Robotech is a franchise that still gets a lot of love, even if hasn’t had a major TV series on the air in over thirty years. Most other franchises in this position have withered and died, but Robotech has kept going despite all the hurdles it’s faced. What keeps Robotech alive?
President of Animation at Harmony Gold, Tommy Yune, gives all thanks to the fans. “They are the ones who’ve kept the fires alive.”
When Den of Geek got to visit Harmony Gold, the owners of Robotech, fans were continually brought up. Whether it was on the topic of the live action movie, sequels to the series, or the new comics, every decision that goes into where the franchise is headed keeps the fans in mind.
It helps that the people behind Robotech are such big fans themselves. When you walk into the offices they have a TV set up to play Robotech: Battlecry. Toys line the walls. They have a room devoted to classic ’80s merchandise, which may sound like they’re stuck in the past, but the team behind Robotech has some very detailed plans about where the franchise is going and how the fans have kept interest in the franchise afloat.
Without a new property on air, it’s key for Robotech to not only appeal to its existing fan base but also bring in new fans. For the last two years Harmony Gold has been working on rebuilding the Robotech brand, partnering with people like ’80s Tees and getting the show back into circulation on Crackle, Netflix, and Amazon Video.
New fans are discovering the series all the time. Billy Davis, Executive Vice President, relates one story of how, after one of their usual presentations at a comic con, a thirteen year old came up to them,
“He said, ‘my friend dragged me here. I didn’t even know what Robotech was but I’m a fan. We’re gonna watch the show now.’ We just did a presentation! Here’s some video here’s some toys, blah blah blah Robotech is cool here’s some t-shirts! This wonderful young man is now going to watch the show. That’s the power of the series.”
Vice President of Marketing Kevin McKeever related a surprising anecdote about how Robotech Love Live Alive, a movie released in 2013 that was mostly a clip show, even brought in some new fans.
“We kept getting questions, ‘I just saw Love Live Alive. Is there a prequel movie I can watch?” Well yes, there are eighty-five episodes! If you release good new projects, new fans will come in and old fans will be pleased as well.”
But it’s those old fans that can also be very critical of how the franchise is handled. Davis simply says you can’t please everyone.
“We respect the heck out of our fans. But that also means you get people who are too fanatical about it. They get very detail oriented with certain parts of the show. You’re just not going to please everybody. We try very hard to make the fans happy. We don’t always succeed, but we try. That’s life. Balancing that with new story and with our old story it’s all about what a person’s personal expectation is and that can be impossible to manage but we do our best.”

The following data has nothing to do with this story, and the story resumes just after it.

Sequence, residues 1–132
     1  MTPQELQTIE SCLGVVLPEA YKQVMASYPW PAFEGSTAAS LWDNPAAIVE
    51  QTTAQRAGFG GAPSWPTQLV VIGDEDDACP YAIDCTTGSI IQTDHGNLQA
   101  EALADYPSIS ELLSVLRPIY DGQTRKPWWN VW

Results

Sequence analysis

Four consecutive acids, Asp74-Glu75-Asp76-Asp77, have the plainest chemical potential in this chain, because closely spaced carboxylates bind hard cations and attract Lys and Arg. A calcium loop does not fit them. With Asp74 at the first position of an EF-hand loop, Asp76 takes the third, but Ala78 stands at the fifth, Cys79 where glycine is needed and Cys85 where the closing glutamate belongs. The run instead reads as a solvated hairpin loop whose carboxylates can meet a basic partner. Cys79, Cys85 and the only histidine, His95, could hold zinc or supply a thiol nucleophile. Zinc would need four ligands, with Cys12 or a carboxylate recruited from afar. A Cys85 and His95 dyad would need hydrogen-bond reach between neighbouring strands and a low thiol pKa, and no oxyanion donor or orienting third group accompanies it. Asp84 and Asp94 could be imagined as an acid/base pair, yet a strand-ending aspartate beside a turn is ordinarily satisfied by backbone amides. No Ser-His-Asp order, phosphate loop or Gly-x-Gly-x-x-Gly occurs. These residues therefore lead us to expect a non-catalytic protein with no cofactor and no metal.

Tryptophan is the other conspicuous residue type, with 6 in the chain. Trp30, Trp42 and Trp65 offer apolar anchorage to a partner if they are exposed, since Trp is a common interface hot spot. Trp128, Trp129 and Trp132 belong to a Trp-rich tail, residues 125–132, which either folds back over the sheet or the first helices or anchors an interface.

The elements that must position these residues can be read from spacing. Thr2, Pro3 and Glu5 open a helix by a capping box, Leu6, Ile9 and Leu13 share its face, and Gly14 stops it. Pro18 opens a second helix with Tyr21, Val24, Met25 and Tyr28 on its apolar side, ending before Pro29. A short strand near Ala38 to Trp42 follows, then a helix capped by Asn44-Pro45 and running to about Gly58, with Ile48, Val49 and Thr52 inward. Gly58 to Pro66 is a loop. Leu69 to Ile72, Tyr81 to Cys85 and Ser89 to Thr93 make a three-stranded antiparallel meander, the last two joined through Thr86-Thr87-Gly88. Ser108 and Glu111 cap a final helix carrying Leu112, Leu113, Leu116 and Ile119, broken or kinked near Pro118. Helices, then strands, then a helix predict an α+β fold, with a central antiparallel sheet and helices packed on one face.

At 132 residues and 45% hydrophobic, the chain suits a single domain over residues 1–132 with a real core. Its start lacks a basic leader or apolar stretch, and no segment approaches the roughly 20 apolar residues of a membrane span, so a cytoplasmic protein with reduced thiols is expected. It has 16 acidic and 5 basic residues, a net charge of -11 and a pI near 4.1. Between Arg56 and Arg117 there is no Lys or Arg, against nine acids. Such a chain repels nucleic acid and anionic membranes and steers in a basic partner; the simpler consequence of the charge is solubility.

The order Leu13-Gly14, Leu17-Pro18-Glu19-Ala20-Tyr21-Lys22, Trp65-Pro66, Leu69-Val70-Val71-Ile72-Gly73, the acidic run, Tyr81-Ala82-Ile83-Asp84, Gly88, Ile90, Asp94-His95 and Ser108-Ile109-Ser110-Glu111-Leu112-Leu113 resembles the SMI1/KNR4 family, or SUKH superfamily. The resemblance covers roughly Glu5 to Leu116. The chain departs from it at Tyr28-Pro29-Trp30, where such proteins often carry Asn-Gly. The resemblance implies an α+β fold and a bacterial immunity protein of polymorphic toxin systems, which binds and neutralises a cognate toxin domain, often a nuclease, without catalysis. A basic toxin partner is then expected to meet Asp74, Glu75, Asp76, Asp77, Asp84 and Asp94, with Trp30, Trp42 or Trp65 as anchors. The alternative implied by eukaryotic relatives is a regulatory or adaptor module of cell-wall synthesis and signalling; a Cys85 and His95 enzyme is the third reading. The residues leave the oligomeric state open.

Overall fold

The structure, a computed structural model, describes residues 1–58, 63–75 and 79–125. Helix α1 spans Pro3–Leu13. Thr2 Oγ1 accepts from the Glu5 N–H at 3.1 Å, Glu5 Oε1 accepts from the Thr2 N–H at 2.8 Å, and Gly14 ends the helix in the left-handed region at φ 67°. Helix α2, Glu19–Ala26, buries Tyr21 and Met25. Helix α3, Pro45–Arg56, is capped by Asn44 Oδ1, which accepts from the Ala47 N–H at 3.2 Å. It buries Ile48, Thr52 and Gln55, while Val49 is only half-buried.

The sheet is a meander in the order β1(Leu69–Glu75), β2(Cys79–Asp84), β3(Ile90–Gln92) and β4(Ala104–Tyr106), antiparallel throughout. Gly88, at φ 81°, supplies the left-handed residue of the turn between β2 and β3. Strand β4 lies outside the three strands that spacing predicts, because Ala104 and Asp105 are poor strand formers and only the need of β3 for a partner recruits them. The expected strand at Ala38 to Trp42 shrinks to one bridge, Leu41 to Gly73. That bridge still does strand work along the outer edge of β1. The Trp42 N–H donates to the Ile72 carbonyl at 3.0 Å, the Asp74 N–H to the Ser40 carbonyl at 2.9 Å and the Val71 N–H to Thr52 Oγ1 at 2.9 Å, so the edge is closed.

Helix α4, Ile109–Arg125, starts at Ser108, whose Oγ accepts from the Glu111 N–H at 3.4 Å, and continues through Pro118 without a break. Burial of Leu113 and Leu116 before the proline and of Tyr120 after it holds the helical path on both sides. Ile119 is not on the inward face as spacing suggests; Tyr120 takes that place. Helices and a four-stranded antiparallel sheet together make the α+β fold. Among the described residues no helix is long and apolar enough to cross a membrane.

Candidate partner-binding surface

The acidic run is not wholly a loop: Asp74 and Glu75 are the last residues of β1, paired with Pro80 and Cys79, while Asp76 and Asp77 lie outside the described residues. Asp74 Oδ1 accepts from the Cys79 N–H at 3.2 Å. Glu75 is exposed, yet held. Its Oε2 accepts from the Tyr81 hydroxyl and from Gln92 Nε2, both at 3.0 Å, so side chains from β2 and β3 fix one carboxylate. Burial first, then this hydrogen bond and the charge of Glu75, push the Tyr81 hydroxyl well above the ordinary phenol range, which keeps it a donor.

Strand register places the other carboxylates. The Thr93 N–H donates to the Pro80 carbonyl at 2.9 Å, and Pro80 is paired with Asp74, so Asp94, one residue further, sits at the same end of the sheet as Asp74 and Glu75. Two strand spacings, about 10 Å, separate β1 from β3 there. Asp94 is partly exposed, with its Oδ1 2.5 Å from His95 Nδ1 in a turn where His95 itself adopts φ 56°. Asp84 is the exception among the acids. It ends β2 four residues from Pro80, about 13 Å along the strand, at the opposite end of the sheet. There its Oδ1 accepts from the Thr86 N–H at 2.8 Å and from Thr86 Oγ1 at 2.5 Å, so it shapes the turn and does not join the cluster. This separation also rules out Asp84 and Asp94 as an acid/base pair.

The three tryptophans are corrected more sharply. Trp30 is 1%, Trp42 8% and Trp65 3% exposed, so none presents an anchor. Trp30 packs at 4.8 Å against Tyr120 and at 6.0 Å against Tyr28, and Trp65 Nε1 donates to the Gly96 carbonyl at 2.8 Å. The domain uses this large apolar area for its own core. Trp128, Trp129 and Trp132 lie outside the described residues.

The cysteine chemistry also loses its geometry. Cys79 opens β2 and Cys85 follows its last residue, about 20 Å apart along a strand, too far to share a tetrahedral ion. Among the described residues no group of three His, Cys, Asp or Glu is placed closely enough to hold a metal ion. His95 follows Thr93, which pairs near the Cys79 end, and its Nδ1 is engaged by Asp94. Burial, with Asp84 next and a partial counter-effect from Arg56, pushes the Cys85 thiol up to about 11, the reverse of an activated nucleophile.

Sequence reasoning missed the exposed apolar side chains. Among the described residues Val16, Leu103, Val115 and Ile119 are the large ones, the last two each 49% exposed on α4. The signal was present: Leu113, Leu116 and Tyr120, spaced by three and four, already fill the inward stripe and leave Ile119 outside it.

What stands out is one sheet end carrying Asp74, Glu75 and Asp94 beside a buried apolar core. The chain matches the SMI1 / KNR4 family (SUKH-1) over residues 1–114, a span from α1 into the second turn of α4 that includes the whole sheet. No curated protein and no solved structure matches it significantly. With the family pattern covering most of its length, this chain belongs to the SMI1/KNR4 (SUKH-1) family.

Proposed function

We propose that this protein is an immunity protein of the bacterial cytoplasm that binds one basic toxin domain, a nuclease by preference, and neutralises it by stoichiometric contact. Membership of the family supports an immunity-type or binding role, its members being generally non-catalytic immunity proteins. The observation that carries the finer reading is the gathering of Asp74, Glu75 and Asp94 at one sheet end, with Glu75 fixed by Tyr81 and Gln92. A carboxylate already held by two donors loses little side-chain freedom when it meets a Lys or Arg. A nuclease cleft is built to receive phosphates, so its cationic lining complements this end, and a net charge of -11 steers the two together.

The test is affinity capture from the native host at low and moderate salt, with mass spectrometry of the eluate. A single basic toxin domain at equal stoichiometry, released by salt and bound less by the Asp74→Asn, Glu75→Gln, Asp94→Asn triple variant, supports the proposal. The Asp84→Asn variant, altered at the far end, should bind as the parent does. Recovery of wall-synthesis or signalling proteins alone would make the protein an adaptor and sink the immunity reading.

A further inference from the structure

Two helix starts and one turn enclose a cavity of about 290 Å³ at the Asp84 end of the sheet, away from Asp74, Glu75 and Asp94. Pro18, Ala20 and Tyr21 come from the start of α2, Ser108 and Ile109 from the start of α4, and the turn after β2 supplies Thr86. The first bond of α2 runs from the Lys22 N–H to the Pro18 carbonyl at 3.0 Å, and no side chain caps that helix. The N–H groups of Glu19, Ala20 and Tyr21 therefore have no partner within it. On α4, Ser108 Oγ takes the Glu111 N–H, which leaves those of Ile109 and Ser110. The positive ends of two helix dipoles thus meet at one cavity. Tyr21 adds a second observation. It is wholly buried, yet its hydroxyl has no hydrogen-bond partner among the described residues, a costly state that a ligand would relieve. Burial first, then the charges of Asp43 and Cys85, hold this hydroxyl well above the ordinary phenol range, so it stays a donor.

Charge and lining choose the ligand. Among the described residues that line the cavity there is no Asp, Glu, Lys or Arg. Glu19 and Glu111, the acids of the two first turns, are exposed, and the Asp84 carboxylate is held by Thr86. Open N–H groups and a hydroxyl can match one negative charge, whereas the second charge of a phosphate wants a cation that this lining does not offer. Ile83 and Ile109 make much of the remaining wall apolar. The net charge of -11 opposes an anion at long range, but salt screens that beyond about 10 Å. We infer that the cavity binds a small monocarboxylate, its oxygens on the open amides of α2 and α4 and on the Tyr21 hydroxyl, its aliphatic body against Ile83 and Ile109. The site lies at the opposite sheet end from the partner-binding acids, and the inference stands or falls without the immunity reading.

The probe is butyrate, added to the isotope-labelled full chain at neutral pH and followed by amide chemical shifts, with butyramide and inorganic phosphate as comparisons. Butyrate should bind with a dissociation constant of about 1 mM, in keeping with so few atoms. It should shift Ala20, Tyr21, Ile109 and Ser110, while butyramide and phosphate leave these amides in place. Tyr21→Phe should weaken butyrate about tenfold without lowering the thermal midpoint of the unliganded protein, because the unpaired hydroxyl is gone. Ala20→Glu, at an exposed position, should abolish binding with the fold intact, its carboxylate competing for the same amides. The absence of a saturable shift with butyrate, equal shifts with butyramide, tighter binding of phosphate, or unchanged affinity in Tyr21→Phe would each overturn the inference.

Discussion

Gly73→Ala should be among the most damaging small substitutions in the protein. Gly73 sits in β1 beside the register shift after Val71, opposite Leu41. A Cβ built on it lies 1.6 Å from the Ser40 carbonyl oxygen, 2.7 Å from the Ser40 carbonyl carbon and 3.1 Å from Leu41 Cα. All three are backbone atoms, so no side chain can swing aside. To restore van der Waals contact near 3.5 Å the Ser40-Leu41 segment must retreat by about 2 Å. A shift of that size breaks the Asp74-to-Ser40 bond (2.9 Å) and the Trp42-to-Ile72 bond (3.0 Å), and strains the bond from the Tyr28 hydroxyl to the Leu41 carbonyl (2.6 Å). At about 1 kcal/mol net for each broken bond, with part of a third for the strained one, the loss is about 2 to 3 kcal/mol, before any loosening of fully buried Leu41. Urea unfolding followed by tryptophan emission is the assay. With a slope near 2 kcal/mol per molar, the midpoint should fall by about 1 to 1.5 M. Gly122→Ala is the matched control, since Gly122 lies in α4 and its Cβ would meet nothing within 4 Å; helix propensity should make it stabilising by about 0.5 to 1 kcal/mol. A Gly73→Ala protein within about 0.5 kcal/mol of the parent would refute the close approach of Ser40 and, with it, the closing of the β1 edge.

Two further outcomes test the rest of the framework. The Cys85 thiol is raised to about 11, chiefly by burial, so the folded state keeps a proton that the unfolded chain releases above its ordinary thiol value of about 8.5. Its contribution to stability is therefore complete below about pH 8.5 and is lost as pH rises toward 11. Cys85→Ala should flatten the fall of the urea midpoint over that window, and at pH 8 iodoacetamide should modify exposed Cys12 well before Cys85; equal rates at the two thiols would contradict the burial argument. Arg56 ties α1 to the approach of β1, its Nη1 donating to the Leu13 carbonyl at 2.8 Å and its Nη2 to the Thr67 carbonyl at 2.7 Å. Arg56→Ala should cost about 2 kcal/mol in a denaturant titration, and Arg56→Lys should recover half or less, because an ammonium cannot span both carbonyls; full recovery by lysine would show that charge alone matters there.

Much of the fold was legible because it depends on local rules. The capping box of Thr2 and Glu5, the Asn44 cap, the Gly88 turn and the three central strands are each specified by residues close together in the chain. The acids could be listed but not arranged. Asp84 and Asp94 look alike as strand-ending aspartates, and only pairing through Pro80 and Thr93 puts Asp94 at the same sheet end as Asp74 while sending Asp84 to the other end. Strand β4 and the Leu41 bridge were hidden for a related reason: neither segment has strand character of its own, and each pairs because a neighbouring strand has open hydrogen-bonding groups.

Davis is also quick to say that even those who say Harmony Gold is ruining the franchise “show passion and engagement. When no one says anything? That’s the big problem.”
(Classic Robotech merchandise displayed in the Robotech offices.)
In fact it’s the people the Harmony Gold team meet in person at conventions that leave the biggest impact.
“I like to go behind the scenes a bit and talk to people looking at Robotech merchandise. I’ll say something like, ‘Oh, do you like Robotech?’ and they’re like, ‘Oh I love Robotech!’ and proceed to tell me every story they have about their childhood and how much Robotech meant to them or how it influenced them to join the military or they were sick and it got them through a really bad time. They don’t know I’m with Harmony Gold so it’s the most honest answer that they could give. “
Spending times with fans at comic cons, McKeever explains, is a huge part of the outreach Harmony Gold is doing.
“We’re able to listen to them and they can listen to us and they get their questions answered. That’s a tremendous way of keeping the franchise alive and keeping it energized. They go, ‘Someone from Hollywood is sitting down and talking to me in a conversation.’ If you watch our panels we make ample time for Q/A. That keeps people engaged so that when new products come out they’re bought and that keeps the franchise going.”
Davis says he’s been kicked out of rooms and has continued talking with fans long after a panel has finished, “Fans have to know we care as much as they do. We go out into the depths of Robotech fans and talk to them about the franchise. We are big on social media. We try to announce things and put up pictures and try to keep things moving forward. We plan our announcements for the year. We have announcements we haven’t even announced yet.”